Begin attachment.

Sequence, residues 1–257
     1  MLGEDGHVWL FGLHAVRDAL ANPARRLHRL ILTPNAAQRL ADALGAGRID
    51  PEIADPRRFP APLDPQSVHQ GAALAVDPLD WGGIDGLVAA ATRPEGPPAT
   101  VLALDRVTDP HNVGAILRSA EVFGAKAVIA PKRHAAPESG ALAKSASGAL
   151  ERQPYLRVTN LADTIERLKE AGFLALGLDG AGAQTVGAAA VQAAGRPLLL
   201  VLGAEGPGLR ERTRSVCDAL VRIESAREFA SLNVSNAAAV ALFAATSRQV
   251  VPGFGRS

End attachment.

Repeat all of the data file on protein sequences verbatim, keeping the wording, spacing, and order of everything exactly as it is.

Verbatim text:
Sequence, residues 1–257
     1  MLGEDGHVWL FGLHAVRDAL ANPARRLHRL ILTPNAAQRL ADALGAGRID
    51  PEIADPRRFP APLDPQSVHQ GAALAVDPLD WGGIDGLVAA ATRPEGPPAT
   101  VLALDRVTDP HNVGAILRSA EVFGAKAVIA PKRHAAPESG ALAKSASGAL
   151  ERQPYLRVTN LADTIERLKE AGFLALGLDG AGAQTVGAAA VQAAGRPLLL
   201  VLGAEGPGLR ERTRSVCDAL VRIESAREFA SLNVSNAAAV ALFAATSRQV
   251  VPGFGRS